They’re so lofty, right? Forty books? Um, okay, sure! Indeed, I am struggling, but I’m neither quitting nor budging on the number. Onward and upward, friends.
My original list of promising contenders still looks good and I can cross a few off thankfully. Like any good, list, however, it was meant to be amended and it shall. I’m still making tweaks and impulse purchases at the bookstore so for now I’ll leave the what’s-on-deck book a mystery. Here are the eight I’ve read so far, all of which have been added to the Book It page (with images for our visual learners):
- Martha Quest, Doris Lessing
- The 100-Year-Old Man Who Climbed Out of the Window and Disappeared, Jonas Jonasson, translated by Rod Bradbury
- The Mistress’ Daughter, A.M. Homes
- The Goldfinch, Donna Tartt*
- Sisterland, Curtis Sittenfeld
- The Time Between, Karen White
- Dear Life: Stories, Alice Munro*
- Goodbye to All That: Writers on Loving and Leaving New York, edited by Sari Botton (*)
I understand that a list doesn’t mean much without commentary so in the name of brevity I have asterisked the ones I would recommend you read. If you remember my book club post on The Goldfinch (and the fact that I couldn’t quit name-dropping it in subsequent posts) you’ll know that’s one I really, really want you to pick up. It’s so literarily full yet easily accessible to the casual reader; you will feel richly rewarded in the end.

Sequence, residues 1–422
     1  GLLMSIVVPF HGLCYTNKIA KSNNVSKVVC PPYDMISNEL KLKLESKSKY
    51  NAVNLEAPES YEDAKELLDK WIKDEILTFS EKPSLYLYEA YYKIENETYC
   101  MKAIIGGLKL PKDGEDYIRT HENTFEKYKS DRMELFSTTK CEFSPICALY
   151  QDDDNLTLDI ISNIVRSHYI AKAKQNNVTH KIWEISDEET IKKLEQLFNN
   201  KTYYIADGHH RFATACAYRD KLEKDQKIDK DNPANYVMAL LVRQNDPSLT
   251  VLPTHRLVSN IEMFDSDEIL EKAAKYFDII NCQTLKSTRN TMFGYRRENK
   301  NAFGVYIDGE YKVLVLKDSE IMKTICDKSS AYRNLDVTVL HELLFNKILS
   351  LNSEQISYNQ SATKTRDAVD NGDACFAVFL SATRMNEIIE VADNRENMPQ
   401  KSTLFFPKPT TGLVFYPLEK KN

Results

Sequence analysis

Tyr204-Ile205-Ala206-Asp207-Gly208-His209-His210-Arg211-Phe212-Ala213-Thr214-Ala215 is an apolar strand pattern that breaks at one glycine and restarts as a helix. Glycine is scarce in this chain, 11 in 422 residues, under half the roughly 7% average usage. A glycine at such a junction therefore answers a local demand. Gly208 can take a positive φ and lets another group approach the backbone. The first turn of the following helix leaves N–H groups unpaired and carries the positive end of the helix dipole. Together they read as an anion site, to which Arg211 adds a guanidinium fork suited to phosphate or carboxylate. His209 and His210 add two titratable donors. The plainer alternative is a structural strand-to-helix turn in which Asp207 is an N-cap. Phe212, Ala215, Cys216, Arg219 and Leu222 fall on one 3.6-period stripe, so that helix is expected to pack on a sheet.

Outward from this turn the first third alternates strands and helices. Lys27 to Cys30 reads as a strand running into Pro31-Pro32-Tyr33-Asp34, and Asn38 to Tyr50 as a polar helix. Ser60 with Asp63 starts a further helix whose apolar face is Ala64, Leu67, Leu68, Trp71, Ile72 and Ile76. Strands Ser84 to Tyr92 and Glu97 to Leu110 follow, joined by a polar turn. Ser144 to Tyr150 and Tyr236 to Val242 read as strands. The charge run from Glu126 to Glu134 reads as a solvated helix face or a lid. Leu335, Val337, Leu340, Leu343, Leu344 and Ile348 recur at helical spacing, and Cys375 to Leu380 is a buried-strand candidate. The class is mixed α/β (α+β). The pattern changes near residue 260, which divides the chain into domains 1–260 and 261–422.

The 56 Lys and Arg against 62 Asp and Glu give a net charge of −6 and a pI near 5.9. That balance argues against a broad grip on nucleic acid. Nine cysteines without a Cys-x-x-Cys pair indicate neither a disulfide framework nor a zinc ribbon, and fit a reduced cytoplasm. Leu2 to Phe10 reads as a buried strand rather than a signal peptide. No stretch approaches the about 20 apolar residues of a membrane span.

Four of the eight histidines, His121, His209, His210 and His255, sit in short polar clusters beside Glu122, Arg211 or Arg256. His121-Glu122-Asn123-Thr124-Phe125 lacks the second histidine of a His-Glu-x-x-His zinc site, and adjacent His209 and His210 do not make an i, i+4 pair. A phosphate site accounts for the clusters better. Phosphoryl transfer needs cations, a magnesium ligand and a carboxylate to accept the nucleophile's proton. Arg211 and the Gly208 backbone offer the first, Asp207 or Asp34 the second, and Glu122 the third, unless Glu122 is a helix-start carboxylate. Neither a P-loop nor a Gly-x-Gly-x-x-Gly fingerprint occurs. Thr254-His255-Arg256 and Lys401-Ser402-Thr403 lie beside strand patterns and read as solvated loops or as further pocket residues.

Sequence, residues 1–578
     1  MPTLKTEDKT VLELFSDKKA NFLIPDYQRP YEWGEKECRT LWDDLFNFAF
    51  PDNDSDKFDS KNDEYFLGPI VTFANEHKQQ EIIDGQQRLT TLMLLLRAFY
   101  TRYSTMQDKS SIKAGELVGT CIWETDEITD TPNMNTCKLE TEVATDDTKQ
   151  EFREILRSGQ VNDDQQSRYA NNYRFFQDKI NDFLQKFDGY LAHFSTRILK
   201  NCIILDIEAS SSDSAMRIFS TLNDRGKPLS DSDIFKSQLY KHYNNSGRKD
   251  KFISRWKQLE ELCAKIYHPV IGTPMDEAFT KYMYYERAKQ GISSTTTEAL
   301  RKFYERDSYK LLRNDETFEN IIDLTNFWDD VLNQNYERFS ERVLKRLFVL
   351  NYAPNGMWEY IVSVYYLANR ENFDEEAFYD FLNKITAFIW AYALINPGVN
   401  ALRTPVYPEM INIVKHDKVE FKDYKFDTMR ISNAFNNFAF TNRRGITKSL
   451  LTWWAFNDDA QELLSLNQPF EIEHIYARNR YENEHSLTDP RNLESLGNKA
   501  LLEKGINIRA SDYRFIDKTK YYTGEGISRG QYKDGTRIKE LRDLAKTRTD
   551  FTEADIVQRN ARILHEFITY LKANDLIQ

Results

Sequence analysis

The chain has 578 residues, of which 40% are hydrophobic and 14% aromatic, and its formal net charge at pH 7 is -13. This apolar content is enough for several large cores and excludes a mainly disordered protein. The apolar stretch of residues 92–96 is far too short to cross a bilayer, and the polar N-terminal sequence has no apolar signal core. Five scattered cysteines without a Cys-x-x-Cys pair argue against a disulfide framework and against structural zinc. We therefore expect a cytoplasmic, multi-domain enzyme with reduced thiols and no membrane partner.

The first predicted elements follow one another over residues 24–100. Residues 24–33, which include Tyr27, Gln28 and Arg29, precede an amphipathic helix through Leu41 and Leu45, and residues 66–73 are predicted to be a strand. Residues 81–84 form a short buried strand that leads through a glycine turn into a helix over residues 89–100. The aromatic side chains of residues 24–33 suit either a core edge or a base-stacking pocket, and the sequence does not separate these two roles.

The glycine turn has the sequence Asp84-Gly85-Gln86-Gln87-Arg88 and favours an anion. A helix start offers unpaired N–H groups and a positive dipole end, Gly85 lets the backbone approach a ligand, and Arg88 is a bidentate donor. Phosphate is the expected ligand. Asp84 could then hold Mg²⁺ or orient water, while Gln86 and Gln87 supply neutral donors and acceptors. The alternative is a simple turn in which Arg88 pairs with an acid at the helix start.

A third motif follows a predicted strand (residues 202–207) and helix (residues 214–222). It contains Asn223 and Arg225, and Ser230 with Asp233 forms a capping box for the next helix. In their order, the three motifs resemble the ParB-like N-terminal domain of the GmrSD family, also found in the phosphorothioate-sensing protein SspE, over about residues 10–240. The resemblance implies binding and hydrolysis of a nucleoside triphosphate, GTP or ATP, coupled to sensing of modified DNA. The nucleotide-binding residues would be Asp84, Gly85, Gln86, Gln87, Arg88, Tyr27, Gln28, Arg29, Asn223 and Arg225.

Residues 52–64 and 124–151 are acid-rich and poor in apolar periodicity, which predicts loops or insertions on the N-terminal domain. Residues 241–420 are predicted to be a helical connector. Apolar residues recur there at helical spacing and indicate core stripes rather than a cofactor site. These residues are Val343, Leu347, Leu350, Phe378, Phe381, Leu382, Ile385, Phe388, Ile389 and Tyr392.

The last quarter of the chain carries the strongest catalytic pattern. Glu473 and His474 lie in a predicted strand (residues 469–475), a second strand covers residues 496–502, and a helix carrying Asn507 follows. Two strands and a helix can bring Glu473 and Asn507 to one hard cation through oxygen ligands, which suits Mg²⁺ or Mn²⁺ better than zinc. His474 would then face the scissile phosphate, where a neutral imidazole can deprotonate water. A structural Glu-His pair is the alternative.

I also loved Dear Life by Alice Munro. I don’t always reach for short stories, preferring the heft of a novel instead, but Munro is the absolute master of the short form and I suggest you try her before writing off the genre. Each story is about 20 pages, long enough for you to feel invested but short enough for our wandering attention spans. I read almost half of it on the flight home earlier this month and enjoyed each story immensely.
Lastly, as I mentioned the other day, I liked Goodbye to All That but would really only recommend it if you have ties to New York City. The insights are powerful and familiar, but it feels a little one-note at points and I couldn’t always resonate with each author. That said, if you’re a New Yorker, do it.
And while I said I wouldn’t share what I’m reading next I do have to share one funny anecdote: I will finally be back to book club next week and I went to buy the latest book yesterday (The Skies Belong to Us, Brendan I. Koerner) and I found two new books on my Kindle that I have NO recollection buying: A Fine Balance by Rohinton Mistry and A Tale for the Time Being by Ruth Ozeki. Isn’t that strange? I’m excited (again) for both and it feels a bit like a present I’ve given myself.
So, what are you reading? I’m always looking for new books, much my list-making-and-crossing-off-in-a-timely-manner chagrin. I honestly can’t imagine a list that will ever stop growing or maturing.